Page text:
Using nc (netcat) to make an HTTP request

I must have had some reason for wanting to do this, although I can’t think of why right now. curl is an excellent tool for ad hoc HTTP requests.

On a server running Apache 2.4.6, first I tried:

# nc 80
GET / HTTP/1.1

Which returned a HTTP/1.1 400 Bad Request error.

Next I tried:

# printf "GET /index.html HTTP/1.1\r\n\r\n" | nc 80

Which also returned a HTTP/1.1 400 Bad Request error.

I decided to take a look at what curl was sending, since that was working:

# curl -v
* About to connect() to port 80 (#0)
* Trying
* Connected to ( port 80 (#0)
> GET / HTTP/1.1
> User-Agent: curl/7.29.0
> Host:
> Accept: */*

I put the same headers (with a modified User-Agent) into my printf statement:

# printf "GET /index.html HTTP/1.1\r\nUser-Agent: nc/0.0.1\r\nHost:\r\nAccept: */*\r\n\r\n" | nc 80
HTTP/1.1 200 OK
Date: Sun, 28 Jan 2018 23:11:04 GMT
Server: Apache/2.4.6 (CentOS) PHP/5.4.16
Last-Modified: Sun, 28 Jan 2018 20:10:37 GMT
ETag: "78-563dbb912bfe0"
Accept-Ranges: bytes
Content-Length: 120
Content-Type: text/html; charset=UTF-8

<!DOCTYPE html>
<title>well that worked</title>
<h1>apache is running</h1>

That worked!

I eliminated the User-Agent the Accept headers and it still worked, so the missing Host header was the cause of my problems. I swear I’ve done this before without a Host header though.

I looked up the HTTP specification, and as described in section 5.2 of the RFC:

1. If Request-URI is an absoluteURI, the host is part of the Request-URI. Any Host header field value in the request MUST be ignored.

2. If the Request-URI is not an absoluteURI, and the request includes a Host header field, the host is determined by the Host header field value.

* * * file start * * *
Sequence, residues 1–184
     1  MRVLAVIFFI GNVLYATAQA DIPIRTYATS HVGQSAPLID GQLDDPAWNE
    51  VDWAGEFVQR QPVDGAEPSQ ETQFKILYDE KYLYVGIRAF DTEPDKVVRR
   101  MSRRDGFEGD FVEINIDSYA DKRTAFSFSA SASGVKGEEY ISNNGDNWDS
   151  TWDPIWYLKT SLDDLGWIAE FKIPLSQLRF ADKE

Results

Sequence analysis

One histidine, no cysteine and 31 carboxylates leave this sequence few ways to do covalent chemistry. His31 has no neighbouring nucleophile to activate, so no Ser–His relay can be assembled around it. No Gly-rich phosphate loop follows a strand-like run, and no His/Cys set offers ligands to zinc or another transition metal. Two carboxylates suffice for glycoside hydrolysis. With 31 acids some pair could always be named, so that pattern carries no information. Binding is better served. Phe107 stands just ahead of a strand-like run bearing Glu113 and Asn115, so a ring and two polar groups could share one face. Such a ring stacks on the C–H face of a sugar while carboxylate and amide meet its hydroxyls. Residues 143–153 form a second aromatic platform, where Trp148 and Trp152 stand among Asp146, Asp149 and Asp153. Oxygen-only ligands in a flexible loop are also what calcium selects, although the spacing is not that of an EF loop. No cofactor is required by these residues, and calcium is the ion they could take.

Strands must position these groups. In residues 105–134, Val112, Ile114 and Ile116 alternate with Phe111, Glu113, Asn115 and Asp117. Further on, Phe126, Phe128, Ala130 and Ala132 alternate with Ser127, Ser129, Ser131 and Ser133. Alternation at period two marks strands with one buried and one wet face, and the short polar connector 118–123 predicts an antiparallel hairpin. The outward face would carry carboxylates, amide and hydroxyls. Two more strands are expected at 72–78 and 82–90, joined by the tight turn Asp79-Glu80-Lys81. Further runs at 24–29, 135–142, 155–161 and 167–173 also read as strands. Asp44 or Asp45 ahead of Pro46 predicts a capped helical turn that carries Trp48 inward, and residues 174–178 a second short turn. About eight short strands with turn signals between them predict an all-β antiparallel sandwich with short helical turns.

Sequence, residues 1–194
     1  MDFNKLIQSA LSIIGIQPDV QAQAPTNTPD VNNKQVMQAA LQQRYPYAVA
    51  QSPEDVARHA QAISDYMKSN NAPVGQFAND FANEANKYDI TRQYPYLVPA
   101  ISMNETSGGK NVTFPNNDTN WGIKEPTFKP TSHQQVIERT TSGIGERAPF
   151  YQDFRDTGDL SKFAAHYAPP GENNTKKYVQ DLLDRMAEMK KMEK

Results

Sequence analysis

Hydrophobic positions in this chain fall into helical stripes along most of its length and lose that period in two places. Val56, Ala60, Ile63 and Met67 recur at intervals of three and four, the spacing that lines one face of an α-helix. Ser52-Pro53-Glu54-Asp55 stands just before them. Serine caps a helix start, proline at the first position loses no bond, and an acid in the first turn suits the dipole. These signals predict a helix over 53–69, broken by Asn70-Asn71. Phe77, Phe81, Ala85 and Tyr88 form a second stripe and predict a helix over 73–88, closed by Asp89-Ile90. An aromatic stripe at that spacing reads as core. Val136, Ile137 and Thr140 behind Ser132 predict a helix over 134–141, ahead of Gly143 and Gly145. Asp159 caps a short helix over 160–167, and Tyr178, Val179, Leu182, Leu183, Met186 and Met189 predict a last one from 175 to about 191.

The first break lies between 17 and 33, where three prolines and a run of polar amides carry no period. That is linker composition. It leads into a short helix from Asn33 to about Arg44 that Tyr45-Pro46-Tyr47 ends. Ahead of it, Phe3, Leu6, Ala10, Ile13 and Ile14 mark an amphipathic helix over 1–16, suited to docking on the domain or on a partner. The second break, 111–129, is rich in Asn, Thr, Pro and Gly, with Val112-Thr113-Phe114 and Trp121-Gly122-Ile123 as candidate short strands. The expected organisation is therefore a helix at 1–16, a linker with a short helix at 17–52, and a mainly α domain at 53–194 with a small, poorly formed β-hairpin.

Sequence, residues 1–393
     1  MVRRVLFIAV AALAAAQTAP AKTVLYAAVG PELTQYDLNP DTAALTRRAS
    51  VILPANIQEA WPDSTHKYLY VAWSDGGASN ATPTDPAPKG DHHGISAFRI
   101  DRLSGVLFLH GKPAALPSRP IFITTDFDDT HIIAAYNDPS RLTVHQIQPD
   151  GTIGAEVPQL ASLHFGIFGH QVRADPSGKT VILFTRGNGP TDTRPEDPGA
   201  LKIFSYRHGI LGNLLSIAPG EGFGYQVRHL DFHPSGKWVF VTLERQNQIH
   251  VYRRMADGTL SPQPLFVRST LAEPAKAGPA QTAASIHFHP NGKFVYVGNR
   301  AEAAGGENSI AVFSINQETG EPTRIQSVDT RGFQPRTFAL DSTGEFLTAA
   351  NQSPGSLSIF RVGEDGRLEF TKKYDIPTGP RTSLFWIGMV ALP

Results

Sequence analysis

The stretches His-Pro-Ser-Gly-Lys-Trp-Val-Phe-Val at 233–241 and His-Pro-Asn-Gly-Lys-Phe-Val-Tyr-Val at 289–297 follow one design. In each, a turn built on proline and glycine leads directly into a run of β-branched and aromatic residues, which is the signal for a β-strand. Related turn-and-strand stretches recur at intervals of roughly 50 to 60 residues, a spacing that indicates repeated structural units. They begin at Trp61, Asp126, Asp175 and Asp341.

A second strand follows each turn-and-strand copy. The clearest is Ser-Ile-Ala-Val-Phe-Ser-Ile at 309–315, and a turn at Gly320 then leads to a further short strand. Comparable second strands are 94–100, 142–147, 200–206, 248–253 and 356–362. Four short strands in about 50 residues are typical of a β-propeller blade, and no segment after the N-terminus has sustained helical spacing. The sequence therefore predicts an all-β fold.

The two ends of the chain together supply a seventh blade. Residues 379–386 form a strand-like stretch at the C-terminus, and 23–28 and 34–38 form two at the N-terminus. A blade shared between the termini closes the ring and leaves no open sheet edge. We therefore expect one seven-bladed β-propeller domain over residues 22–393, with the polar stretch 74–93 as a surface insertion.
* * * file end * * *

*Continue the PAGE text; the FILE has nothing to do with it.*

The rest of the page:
3. If the host as determined by rule 1 or 2 is not a valid host on the server, the response MUST be a 400 (Bad Request) error message.

Recipients of an HTTP/1.0 request that lacks a Host header field MAY attempt to use heuristics (e.g., examination of the URI path for something unique to a particular host) in order to determine what exact resource is being requested.

I could not get it to work with an absoluteURI, even using the example in the RFC. However I did find that I could ignore the Host header if I specified HTTP/1.0:

# printf "GET / HTTP/1.0\r\n\r\n" | nc 80

I also found that Apache didn’t care what the Host header was when using HTTP/1.1, just so long as something was there:

# printf "GET / HTTP/1.1\r\nHost: z\r\n\r\n" | nc 80

That’s a little odd. I did not specify a ServerName in my Apache config, but even after I specified ServerName in /etc/httpd/conf/httpd.conf and restarted Apache, it still required the Host header and it still didn’t care what the content of the Host header was (so long as it was not empty).